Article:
property in Shanghai
Shanshan0312 / Shutterstock.com
Updated 12 months ago

Shanghai has continually appeared close to the top of the list of cities with the most expensive real estate in the world. It also remains the most expensive city in mainland China (followed closely by Shenzhen) and the one most popular with expats.

Buying property as an expat

It is legally possible to buy property in Shanghai as an expat. However, in addition to having a hefty sum in the bank, you will need to fulfil several other conditions.

The most important of these conditions is that you will need to have resided in the country legally for at least a year. This will typically involve providing proof that you have been working or doing business in Shanghai.

You will also be asked to provide tax receipts for most of the duration of your stay ' the exact period differs depending on which region you plan to buy property in. For Shanghai, you will need to provide copies of your Chinese tax receipts for the last 12 months out of the past 24 months of your legal stay in the country.

Another condition is that you will need to use the property for residential purposes only ' you are not permitted to rent it out or keep it as an investment. Note that the right to buy refers only to residential property and you won't be able to purchase commercial property unless you own a company in China.

The most important legal aspect of buying residential property in China is that, technically, you will actually be leasing the land that the building stands on for a period of 70 years. Theoretically, upon the expiry of this period, the lease should be renewed ' but the Chinese

Ministry of Housing and Construction retains the right to void your lease and pay you compensation (which can significantly lower than the said property's market value).

How to buy property in Shanghai

When going about your house hunting, it is generally advised to do quite a bit of research as the real estate market in China is very different from that of most Western countries. Most people would start by contacting a real estate agency and consulting an agent about the properties in your price range as well as the process of purchasing them. It is also advised that you contact an international real estate agency (as opposed to a local one) ' as global real estate agencies are generally more knowledgeable about the specifics of buying property in the city as a foreigner ' as well as the legal aspects involved.

Generally, however, you will need to go through the following steps.

First, you will need to specify the characteristics of the apartment or house you are looking for and pass them on to your real estate agent.

Second, you will need to obtain proof that you have resided in China legally for over a year from the local Municipal Bureau of Public Security.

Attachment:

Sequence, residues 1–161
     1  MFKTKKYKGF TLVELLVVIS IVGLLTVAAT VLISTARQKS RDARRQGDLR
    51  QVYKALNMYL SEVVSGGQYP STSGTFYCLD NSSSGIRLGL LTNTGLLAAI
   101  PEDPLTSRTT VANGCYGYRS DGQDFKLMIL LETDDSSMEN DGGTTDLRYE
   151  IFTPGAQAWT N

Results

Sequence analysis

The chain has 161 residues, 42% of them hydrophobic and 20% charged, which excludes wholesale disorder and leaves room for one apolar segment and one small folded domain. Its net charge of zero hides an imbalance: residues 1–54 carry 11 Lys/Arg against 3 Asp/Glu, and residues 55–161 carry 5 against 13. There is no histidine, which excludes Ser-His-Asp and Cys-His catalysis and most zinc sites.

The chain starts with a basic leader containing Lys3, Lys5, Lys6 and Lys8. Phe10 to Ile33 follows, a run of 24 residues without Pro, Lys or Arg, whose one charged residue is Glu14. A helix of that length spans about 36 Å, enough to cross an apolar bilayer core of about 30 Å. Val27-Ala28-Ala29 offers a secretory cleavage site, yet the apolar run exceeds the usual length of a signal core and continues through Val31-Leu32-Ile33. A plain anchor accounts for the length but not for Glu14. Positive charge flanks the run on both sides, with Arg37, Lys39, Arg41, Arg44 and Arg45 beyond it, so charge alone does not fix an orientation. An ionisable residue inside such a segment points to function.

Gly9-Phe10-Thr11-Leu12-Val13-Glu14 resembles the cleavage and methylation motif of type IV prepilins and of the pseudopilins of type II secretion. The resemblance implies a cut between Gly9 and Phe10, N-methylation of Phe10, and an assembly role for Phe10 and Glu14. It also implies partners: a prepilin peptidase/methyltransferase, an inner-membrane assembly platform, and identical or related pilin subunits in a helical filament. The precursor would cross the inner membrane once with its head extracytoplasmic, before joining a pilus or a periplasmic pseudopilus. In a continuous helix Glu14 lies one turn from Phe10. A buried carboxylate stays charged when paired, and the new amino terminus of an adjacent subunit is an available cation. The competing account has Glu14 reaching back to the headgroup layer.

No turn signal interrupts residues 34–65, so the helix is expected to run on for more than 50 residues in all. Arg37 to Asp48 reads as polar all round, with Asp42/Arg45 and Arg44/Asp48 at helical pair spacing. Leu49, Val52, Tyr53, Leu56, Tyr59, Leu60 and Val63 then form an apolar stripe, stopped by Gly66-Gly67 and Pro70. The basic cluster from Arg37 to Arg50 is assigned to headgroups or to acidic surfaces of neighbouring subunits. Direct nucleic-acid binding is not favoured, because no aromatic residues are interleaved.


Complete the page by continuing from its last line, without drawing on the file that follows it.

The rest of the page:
Once you have found the suitable property, you will need to sign a preliminary agreement that includes all the terms and conditions on the deal ' at this point, you will also need to pay 1% of the agreed upon selling price.

You will then go on to draft and finalise the official sales contract, which will need to be notarised.

Finally, you will need to pay a visit to your local Foreign Affairs office and have the purchase approved by the government.

Finances

As it has already been mentioned above, Shanghai is China's most expensive city when it comes to real estate. A place in Shanghai's central areas would go for 103,000 RMB per square meter on average and will get down to 48,000 RMB as you move into the outskirts of the city.

Taking out a loan at the bank to buy property in China is quite complicated ' and it's an option rarely used by expats. Most real estate transactions in China are conducted in cash (without the use of mortgages), and this speeds up the development of the real estate market even further.

Though very uncommon, taking out a mortgage is not entirely impossible. Note, however, that you will need to be able to make a downpayment of 30% to qualify for a bank loan and there will be quite a bit of paperwork to go through. Your success in being approved for a loan will primarily depend on your financial standing as well as other specifics of your situation in China.

Useful links:

Century 21 Global Real Estate Agency, Shanghai
Property Law of the People's Republic of China

We do our best to provide accurate and up to date information. However, if you have noticed any inaccuracies in this article, please let us know in the comments section below.